“They’re ferocious and bloodthirsty, and if you’re bitten by one you don’t just die; a far more serious and terrible fate lies in store: you lose your imagination . . . you wither away year by year until your body is just a shell.” (Ch.5, 46)
Elsa is an 8-year-old smartypant who gets bullied in school for her precociousness. Her only friend, and best friend, is her eclectic grandmother. Elsa’s precociousness along with her granny’s disregard for societal rules mark them as trouble to most people they encounter and make Elsa a pariah at school. To escape from reality, Elsa journeys to a fairy realm created by her granny, the Land-pf-Almost_Awake, with six kingdoms, each with its strength, purpose, and interlocking mythologies. When granny dies, she leaves Elsa a treasure hunt—she gets tapped to deliver a series of letters of various people in her building, and she is compelled to find out the secrets behind why there is a message of apology to all of them.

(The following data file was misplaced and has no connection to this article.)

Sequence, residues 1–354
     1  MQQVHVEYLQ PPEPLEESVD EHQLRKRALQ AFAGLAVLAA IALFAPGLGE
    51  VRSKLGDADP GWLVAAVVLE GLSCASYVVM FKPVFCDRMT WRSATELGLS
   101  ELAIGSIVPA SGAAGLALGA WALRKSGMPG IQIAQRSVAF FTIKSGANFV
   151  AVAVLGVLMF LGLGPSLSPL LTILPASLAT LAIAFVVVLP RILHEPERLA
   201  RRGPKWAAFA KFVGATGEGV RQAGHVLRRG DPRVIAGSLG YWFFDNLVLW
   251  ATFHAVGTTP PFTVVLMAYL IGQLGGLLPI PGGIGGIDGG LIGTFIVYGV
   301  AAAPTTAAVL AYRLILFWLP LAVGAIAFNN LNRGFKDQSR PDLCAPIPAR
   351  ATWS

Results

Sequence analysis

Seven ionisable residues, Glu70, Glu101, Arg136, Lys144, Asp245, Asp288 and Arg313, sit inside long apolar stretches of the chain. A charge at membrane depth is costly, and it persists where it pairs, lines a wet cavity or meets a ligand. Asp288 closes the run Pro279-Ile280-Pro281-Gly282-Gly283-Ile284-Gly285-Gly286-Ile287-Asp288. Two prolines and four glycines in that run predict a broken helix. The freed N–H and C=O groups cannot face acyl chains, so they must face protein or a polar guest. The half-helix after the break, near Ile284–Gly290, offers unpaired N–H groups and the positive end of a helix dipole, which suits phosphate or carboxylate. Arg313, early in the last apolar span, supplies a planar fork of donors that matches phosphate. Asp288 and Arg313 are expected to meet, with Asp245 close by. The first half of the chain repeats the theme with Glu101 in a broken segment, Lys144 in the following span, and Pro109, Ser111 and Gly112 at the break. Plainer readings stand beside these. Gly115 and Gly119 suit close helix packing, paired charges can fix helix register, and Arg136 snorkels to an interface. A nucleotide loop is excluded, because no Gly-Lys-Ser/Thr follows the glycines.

The fairy tales can often get the better of the main story. They can somewhat overwrought and tedious but Elsa’s adventures press on the pages. There is quite a system granny has invented for the relationships between her imaginary kingdoms. As Elsa learns about the troublesome day on which she was born, she is also enlightened to the philanthropic work her granny did as a surgeon and why her work had alienated her mother. It doesn’t surprise that the hunt reveals that each of the misfits in the building has a connection to her granny, and they are all hurt, damaged souls who have a story reflected in granny’s fairyland. It’s quite a complex tale and is intricately woven. Sometimes it gets really tedious, but it captures beautifully the honestly of children and obtuseness of adults.
(Note: I picked this up because of the universally acclaimed The Man Named Ove; but I am glad I have read this first and save Ove for later because the reviews are all in favor of Ove.)
372 pp. Simon & Schuster. Trade Paper. [Read|Skim|Toss] [Buy|Borrow]
Filed under: Books, Contemporary Fiction, Contemporary Literature, General Fiction | Tagged: Books, Contemporary Literature, Fredrik Backman, General Fiction, My Grandmother Asked Me to Tell You She's Sorry | Leave a comment »